9 to no thank you freelance interviews

Welcome to 9 to No Thank You! an interview series with freelancers who kicked their 9 to 5 habit and now kick serious business butt. These inspiring ladies are sharing the stories of their cubicle escape, and giving helpful tips along the way.Today we’re joined by copywriter extraordinaire

Today we’re joined by copywriter extraordinaire Nikki Groom! Nikki shares what her days look like as an entrepreneur, and how she schedules her week to complete client work while building her business.

Hey Nikki! Let’s get started.

Nikki Groom 9 to No Thank YouWhere do you live?

Bristol, Rhode Island—or Lil Rhody as it’s more affectionately known. My place is about a block away from the ocean and I can walk everywhere (which I love).

Bristol’s a great little historic town. There are a ton of bars and restaurants, a long winding bike path that leads up to Providence, and no shortage of sailboats in the bay over the summertime.

What do you do? What is your business all about?

I’m a copywriter for female entrepreneurs who want to harness their message and amplify their voice with the right words so that they can serve others in the best way they know how.

How long have you been freelancing? What were you doing before?

Since 2012. Before that, I was in marketing for a decade—first in the UK, and then over here in the States.

What was your transition into freelancing/entrepreneurship like?

Tough. I didn’t want to have “that” conversation with my boss. But I did, in the end, and although it’s been a steep learning curve, I’ve never looked back.

What do your days look like now?

I start the day by walking my dog, Luna, down by the bay. Back home, we’ll have a bite to eat—usually avocado on toast. (I recently worked with an awesome personal chef to come up with healthier meal options.) Then I’ll empty my head of any “open loops” (things I need to do) and load them into Things For Mac—a great task management tool. I also work my way through my inbox and either Boomerang emails to come back later or turn them into projects in Things and Evernote.

Throughout the day, Luna reminds me to take regular breaks away from my desk. We’ll go outside to throw her ball, or stay inside and play with toys. Around 5, we’ll go on our second walk of the day and after that, I usually close down for the day unless I have a deadline. I find that my brain isn’t that sharp after 9pm, so anything after that time will have to wait until tomorrow.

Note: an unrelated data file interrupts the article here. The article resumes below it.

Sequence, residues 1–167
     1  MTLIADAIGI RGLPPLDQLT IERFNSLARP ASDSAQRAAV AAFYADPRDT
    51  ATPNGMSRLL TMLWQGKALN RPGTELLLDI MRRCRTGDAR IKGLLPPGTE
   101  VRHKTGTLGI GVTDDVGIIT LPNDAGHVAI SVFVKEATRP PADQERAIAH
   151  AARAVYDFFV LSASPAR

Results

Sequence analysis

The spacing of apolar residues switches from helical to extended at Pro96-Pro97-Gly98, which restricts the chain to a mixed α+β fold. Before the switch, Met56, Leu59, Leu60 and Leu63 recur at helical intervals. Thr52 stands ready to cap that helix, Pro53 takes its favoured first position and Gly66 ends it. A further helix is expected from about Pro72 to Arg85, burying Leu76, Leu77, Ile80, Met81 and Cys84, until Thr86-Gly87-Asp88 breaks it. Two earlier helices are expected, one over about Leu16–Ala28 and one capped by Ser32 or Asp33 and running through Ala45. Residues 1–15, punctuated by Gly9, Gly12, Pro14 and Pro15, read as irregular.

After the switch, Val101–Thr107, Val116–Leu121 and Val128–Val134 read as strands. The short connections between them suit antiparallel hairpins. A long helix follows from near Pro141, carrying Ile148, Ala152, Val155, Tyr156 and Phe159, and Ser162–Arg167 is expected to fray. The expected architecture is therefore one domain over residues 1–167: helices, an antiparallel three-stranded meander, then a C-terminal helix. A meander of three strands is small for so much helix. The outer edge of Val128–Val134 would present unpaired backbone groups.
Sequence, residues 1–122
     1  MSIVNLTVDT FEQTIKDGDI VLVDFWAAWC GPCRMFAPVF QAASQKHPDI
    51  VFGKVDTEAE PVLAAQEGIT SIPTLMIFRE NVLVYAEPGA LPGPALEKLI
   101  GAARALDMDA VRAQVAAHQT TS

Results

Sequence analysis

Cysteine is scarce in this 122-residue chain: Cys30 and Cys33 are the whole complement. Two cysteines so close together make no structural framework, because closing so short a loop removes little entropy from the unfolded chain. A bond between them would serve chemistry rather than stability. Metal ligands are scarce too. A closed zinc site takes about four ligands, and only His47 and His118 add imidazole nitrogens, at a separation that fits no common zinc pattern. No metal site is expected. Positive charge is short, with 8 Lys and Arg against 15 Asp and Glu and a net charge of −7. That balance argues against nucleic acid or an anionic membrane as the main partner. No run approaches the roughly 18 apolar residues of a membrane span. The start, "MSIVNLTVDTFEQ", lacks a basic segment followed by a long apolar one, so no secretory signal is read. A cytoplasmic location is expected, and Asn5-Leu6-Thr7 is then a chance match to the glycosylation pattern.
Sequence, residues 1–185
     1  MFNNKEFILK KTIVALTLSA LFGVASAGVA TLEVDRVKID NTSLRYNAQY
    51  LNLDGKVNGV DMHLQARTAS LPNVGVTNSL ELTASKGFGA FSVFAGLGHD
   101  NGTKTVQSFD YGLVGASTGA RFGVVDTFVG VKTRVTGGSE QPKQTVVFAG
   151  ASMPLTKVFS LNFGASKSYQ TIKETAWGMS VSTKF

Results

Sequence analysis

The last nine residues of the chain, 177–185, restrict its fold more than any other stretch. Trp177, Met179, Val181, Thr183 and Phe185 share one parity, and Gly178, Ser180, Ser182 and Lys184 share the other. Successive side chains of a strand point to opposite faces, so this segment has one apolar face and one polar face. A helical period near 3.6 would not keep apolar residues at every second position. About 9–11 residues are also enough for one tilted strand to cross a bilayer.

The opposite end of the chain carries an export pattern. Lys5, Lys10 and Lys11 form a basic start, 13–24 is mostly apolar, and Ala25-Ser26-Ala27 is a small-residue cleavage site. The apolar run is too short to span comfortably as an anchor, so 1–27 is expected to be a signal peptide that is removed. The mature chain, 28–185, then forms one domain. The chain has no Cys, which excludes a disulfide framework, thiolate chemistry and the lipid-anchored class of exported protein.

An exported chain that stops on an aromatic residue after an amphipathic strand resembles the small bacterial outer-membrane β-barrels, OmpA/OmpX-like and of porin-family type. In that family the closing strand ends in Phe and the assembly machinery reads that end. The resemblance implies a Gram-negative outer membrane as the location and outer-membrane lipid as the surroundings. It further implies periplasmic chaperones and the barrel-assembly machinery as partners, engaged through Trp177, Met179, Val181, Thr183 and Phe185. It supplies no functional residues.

I’ll cook dinner and watch one of my DVR’ed TV shows—The Profit is a favorite—or head down to a local bar for tapas and a glass of wine, depending on what kind of day it’s been.

I try and keep Mondays free for content creation and community development. Tuesdays, Wednesdays and Thursdays are set aside for client projects, and Fridays are reserved for working on my upcoming podcast and copywriting course.

What is your favourite part of being a freelancer/entrepreneur?

I like that I have the freedom to decide my own schedule, including how much I get paid. I also love the fact I no longer have to commute!

What were some of the doubts or roadblocks you had when you started, and how did you work through that?

I wanted to make the transition from full-time employment into entrepreneurship as seamless as possible, so I saved a nest egg to see me through and booked clients into my schedule ahead of time so I knew I had work waiting for me.

Is there something you know now that you wish you would have known when you were first starting out? And what are you best tips for freelancers just getting their start?

Taking a group program when I first started out introduced me to an entire network of people who could (and did) use my services. After that, the referrals kept on coming. Before I knew it, I was booked up for months in advance.

If you can connect with some key players when you’re just getting started, you’ll find it makes a big difference.

What are some of your favourite tools for running your freelance business?

Boomerang is a lifesaver when it comes to keeping my inbox streamlined and manageable, while Things For Mac keeps me organized and on task. I also like Focus Booster to sharpen my concentration for short bursts of time, and Self Control to keep me off social media when I have a deadline.

What’s next on the horizon for you?

A podcast and copywriting course. Also, refining my one-on-one offerings, and exploring the future of The F Factor as a larger movement for female entrepreneurs.

Find Nikki!






Opt In Image
Are You Making One Of These Common Freelance Mistakes?
Most freelancers who fail and have to head back to their cubicle are making at least one of these 5 mistakes.

Don't make the same mistakes! Get the free guide now and learn the secrets to being a successful freelancer.